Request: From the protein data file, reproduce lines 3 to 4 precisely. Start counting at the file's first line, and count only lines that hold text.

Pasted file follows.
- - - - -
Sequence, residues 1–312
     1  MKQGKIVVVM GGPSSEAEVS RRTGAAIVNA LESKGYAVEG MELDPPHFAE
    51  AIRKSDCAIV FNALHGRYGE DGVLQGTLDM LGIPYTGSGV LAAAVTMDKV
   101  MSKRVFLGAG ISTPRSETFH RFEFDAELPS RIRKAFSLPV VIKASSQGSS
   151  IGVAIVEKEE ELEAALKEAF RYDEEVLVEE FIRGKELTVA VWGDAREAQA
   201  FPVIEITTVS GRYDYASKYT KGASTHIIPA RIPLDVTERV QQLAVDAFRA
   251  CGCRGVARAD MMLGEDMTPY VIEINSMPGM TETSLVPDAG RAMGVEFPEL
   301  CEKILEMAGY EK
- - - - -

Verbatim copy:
    51  AIRKSDCAIV FNALHGRYGE DGVLQGTLDM LGIPYTGSGV LAAAVTMDKV
   101  MSKRVFLGAG ISTPRSETFH RFEFDAELPS RIRKAFSLPV VIKASSQGSS